lUr TH& SUN, WEDNESDAY. SEPTEMBER 12, 1801 .
! Ml LIED ABOUT SPANKINGS.
lMi xKvonttAionr nrxunn coxtra-
i I riff irr rnsrtm.
i JK' f Thr " rnnlrailUt the ttiwWd rigitre
2r 'r I 0 I """ n"4 nrrn '"'"i- rro.
)' 8;'5e1 !l ewtloa- 1tr Ttlmor itim rorwter !
J J laifj II ! resale la (ha Kinases. 4 Fatme of
1 I? MfSV Uf "'" Rrokn,"r Tho C'ommtllee Will
1 isjfar lll "" la Elntrai Thta Afternoon, nail
? Vfflg jja Will ri.llhTaklne Tr.tlmoara TrUaj.
f Jif j'l, Oscar Hnppe. the axtrttllr clerk nf the, El.
J g ( -' mlrsi neformatorj. wa the most Important
,C I n ",-. witness at yesterday's wlim of tlie committee
i I n i ! ap)mlnteet, by (lot , Flmwr to find mit the fact
ffjfj L of the, charire made by ex-convlct and others
j I rrly In thnlnvetlRatlnnthprcijiv:titlon put In
I f'J !j 5, figure Inshore that spanking- limt Increased at
; f ; S jl a tremendous rate In Die Reformatory. The
' y, if 'Hi flfrttre were Incomplete ami confusing, ami
a ig jjj people who knew nothing about It probablj
o (J $ thought the record an extremely bad one. Mr. '
i S r lloppe went through the books of the Instltti'
t Lsritili tlon after this tetlmony and got all the, figure.
: iBai'l' He. waa questioned about them yetrelay,
F flli The figure shore a very different elate of af-
' i IS !ff(i ' fairs than that f-'present-d b the proerutlon.
j Is'!' I' They are given In full tieliiw llrlrflv, nnl) 5ti
i ll'f 0 percent, of the inrattr hir lieeu p Inlshed In
f ffj 'Jft! I . the pt five years. Of all the pron taken to
L 5 1 Sail I! " hathroom In thit I me ail per cent., more '
I' ilSt'l than nne.thlril. hae been let o(T with no pun-
fillip I' Ishmrnt. The total spankings In the Institution
i i'i k1' krerasa leas lhan one and one-half aday, and
If1 tl 1 this In a iwpulalloii of nearly l.ftOOfeloni. Ite.
to O I'l jMeaghlintflgTirea fr. Hoppo's testimony went
tji t j I Tar toward clearlnR away the fog that surround-
tiif I ,h" m"t"'r' of "e Investigation Into
5- J I J f ,'J', rr'mn known as the January deal.
I ! Jrl , ' Mr. lloppa had the facts nt his finger's
1 Jjjsj '. amds. Ills testimony was explicit and
' fefl Jfl fl ' proTed conclmlely that no Injustice was done
MilS fl ' to the Iwrsons arruBwl and that sufficient pre-
f 'Ulfll iijj I rautlon was taken to avoid mistakes. In addl-
K "wSljE ilon to this testimony Od.Hrj an gave valuable
1, mSira N ij testimony about that Investigation.
ff JwpS fi 'I All the momlng session of the committee was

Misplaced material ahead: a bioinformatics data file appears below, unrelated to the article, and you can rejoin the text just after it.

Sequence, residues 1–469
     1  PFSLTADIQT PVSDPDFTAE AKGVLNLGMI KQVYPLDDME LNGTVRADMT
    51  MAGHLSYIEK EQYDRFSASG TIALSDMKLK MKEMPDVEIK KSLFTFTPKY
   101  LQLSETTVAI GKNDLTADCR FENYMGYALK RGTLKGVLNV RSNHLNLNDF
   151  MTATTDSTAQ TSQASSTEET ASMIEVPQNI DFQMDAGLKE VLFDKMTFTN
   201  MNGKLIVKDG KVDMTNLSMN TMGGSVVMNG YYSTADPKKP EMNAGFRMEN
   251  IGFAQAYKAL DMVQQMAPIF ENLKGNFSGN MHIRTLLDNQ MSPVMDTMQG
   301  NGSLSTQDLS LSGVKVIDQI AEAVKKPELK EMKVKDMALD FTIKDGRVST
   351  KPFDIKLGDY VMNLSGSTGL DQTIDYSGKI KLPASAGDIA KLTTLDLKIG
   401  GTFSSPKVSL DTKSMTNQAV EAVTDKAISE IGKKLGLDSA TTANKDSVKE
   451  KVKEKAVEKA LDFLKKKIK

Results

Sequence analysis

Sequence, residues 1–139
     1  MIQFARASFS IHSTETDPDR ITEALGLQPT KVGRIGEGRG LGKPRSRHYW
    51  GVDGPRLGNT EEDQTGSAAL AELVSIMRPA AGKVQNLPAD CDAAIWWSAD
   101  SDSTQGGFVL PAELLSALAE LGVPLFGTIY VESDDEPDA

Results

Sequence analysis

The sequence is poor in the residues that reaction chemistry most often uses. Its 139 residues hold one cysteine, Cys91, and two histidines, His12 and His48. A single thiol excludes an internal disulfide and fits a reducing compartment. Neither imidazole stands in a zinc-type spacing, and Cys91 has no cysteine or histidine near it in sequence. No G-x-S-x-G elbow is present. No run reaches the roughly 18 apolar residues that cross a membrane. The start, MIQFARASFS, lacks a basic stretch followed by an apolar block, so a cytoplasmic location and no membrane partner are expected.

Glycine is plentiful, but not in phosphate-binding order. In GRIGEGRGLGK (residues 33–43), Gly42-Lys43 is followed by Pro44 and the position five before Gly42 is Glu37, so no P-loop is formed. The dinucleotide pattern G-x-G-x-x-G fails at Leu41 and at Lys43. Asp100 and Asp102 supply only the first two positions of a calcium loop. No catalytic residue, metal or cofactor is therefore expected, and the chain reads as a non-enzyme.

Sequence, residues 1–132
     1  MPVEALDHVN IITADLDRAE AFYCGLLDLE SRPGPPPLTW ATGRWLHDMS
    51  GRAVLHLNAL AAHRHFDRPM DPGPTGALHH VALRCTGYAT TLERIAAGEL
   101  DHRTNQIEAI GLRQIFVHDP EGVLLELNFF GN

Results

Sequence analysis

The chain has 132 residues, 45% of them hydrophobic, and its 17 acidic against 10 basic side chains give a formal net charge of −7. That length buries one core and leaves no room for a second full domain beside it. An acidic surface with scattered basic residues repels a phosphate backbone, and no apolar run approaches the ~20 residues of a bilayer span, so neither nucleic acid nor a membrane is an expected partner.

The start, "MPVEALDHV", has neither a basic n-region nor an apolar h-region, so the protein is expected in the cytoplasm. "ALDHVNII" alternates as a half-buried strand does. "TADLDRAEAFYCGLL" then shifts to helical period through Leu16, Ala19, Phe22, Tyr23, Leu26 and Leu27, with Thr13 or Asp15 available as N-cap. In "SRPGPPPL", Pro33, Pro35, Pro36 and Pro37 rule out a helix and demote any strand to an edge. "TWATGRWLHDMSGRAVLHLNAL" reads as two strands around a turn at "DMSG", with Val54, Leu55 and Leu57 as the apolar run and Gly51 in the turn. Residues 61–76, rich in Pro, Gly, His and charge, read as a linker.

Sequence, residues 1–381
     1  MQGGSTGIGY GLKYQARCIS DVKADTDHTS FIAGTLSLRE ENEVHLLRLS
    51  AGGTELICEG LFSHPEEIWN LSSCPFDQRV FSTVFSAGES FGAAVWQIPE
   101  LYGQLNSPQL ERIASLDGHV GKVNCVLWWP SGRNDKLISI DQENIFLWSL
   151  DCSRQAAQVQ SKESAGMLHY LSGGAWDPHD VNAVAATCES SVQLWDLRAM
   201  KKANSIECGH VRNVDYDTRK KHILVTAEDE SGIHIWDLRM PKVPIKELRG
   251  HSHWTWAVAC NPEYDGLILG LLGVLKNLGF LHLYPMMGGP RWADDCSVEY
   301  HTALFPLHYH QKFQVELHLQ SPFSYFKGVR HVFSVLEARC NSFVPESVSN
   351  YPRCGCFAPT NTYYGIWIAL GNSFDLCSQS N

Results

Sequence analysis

J ij'5 n ' devoted to listening tn the testlmon of former
f if Ijji ''i lnmatea of the Institution who feel grateful to-
I E -m"! i ward Superintendent Ilrockway and the lle-
it If ' ' formatory and who protest against the desperate
SB it attempt that Is lieing made to ruin It. They
7 In ! i took the chance of having their former rais-
V l if J ' deeds recalled and exaggeratetl by the unscru-
t m x l! puliius newspaper that Is back of the prosecu-
I, iffl il ill! Uon. ,
I.tnkn Green was called first. He was paroled In
I June. He had volunteered as a witness because
Jie believed that the Institution had made a man
' , ofhlni. and that the attacks upon It were tin-
ustflable. He liked Mr. ilrockway and the of
ficials because they had treated him with kind
jiess. Green testified first to his reception at
the Reformatory and his first Interview with Mr.
lrockway. The Superintendent talked kindly
' to him and explained the methods In the Insti
tution and the chances he had of regaining his
i liberty by good behavior. Green said that dur-
i ing his confinement he wasondutyontheguard
room floor, where Mr. Ilrockway Interviewed In
ynates who had complaints to make. These In
terviews take place every evening. Green said
that on an average forty-die Inmates saw the
(Miperlntendent every night. Their complaints
Vere of all sorts.
"What was Mr. Brnekwar's manner toward
I these Inmates who came to make complaints?"
Risked Mr. Stanchfleld.
"He always treated them kindly so far as I
saw and heard," reptied Green. " He would ask
I them what their trouble was. and would enoour-
fcgethezn. If a man was In a red suit he would
, ask him when he waa going to earn his way out,
, and would tell him to keep on trying."
. Q. Iu these Interviews did you ever see Mr.
TBrookway strike an Inmate? A. I never did,
; Q.-DId he ever speak angrily to Inmates? A.
.-Did ou ever hear him use profane lan
, guage? A. I never did.
Kx-Judge Gilbert's cross-examination was
J Short, and nothing came of It.
Mr. Htanchncld called John White. White Is
Mine-looking young man, and everybody was
i surprised when he swore that he had been an
lnmsteof the lleformalory. He was sent to Kl